Published in The Scientist
Opinion: Cell Phone Health Risk?
Security concerns during the Cold War may have led to the generation of misinformation on the physiological effects of microwave radiation from mobile phones.
By Allan H. Frey | September 25, 2012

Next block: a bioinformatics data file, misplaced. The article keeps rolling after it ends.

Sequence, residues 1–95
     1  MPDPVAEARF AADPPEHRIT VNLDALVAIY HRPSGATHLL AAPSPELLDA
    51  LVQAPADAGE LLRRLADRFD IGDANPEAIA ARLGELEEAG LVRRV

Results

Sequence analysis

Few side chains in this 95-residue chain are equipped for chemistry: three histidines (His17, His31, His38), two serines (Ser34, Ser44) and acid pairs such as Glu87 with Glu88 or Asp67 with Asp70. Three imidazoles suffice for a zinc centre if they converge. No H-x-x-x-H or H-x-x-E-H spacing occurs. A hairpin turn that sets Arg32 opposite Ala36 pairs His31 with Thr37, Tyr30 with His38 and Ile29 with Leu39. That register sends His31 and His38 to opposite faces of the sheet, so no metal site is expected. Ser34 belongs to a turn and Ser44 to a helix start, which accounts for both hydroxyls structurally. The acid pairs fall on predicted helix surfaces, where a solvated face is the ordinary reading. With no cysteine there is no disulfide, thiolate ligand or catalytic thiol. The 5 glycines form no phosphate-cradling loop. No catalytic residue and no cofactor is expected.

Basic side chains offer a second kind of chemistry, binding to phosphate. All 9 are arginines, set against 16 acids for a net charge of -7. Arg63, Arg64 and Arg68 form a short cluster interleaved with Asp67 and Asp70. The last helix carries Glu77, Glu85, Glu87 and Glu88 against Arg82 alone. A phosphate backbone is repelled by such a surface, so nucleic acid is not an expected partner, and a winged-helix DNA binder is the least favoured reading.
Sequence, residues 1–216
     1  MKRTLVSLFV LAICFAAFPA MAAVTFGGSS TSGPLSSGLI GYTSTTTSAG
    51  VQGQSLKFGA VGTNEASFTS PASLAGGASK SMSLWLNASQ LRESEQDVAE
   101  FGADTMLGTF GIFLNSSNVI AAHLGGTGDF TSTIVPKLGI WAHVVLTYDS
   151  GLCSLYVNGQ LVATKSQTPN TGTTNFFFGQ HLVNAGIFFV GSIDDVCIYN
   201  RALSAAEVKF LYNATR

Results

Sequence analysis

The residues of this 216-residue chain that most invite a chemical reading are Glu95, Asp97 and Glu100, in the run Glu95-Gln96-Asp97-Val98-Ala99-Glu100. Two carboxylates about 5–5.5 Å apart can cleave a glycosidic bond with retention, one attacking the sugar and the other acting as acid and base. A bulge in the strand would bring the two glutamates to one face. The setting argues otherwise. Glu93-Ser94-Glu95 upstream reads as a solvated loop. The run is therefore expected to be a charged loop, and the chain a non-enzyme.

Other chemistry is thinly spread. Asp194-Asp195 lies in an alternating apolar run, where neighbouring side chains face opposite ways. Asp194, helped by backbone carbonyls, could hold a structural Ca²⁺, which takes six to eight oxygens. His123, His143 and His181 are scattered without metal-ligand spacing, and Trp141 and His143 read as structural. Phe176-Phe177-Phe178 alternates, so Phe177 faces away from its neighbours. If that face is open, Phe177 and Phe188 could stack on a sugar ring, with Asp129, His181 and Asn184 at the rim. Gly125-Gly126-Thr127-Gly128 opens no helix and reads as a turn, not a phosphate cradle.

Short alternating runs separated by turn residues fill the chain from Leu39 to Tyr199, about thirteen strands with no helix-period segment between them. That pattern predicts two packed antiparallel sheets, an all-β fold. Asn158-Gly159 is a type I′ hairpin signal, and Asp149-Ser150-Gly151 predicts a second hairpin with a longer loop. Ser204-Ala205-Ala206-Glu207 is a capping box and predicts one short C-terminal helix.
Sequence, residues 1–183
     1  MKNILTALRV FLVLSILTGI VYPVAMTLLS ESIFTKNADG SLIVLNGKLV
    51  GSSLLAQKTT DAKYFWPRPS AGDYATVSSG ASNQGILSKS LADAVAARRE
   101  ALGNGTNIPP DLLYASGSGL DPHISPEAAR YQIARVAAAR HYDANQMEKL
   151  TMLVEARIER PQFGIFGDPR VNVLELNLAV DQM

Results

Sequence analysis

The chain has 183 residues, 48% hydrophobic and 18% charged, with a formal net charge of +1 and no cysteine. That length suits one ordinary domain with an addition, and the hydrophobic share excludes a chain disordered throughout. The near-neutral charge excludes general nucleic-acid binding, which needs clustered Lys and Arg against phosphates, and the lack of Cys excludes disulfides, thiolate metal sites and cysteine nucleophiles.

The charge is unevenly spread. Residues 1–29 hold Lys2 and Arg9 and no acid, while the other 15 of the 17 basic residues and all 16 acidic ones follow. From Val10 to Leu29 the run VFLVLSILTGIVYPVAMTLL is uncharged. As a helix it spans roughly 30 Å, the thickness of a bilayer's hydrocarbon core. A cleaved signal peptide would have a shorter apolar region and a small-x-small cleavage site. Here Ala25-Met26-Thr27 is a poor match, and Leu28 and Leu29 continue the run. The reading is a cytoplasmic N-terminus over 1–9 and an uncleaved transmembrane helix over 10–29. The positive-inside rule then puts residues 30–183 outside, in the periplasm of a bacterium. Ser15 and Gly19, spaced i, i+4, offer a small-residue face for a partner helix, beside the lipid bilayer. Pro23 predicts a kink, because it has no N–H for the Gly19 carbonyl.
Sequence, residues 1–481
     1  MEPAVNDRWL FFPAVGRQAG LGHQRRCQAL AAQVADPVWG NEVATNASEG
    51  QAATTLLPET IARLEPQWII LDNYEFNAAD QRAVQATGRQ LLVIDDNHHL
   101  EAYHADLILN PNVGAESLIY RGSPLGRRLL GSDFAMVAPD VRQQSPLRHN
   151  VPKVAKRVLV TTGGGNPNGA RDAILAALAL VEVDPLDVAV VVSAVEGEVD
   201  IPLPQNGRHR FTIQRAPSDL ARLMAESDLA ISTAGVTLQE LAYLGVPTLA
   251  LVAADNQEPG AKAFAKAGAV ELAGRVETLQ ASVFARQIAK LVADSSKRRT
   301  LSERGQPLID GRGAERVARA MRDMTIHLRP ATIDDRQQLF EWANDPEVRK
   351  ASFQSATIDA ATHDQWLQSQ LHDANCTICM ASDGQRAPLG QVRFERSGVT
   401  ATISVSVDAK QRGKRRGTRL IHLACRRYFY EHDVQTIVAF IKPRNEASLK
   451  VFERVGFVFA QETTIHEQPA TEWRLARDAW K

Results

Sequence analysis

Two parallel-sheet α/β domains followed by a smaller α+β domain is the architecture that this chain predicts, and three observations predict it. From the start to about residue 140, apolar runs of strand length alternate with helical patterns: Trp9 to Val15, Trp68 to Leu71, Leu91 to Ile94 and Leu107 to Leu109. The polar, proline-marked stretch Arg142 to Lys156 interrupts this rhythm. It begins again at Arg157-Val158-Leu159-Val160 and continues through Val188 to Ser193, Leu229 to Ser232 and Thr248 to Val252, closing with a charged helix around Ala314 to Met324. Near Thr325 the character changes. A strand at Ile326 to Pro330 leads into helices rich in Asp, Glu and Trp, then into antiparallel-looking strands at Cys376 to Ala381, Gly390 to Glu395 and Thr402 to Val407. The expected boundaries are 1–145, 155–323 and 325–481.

Recently, Congress tasked its investigative arm, the General Accountability Office (GAO), to consider the health risks of mobile phones and to report back to Congress. While a previous report published in May 2010 by the US Food and Drug Administration (FDA) stated that there was no evidence of increased health risk resulting from exposure to the radiofrequency (microwave) energy emitted by cell phones, the World Health Organization reported the following year that cell phone radiation may be carcinogenic. Also in 2011, the director of the National Institute on Drug Abuse published a paper in JAMA reporting that 50 minutes of cell phone use by people altered glucose metabolism in the part of the brain closest to where the cell phone antennas were located. This summer, the GAO completed the task and sent a report to Congress stating that the risks were unclear and deserved greater scrutiny from the government.
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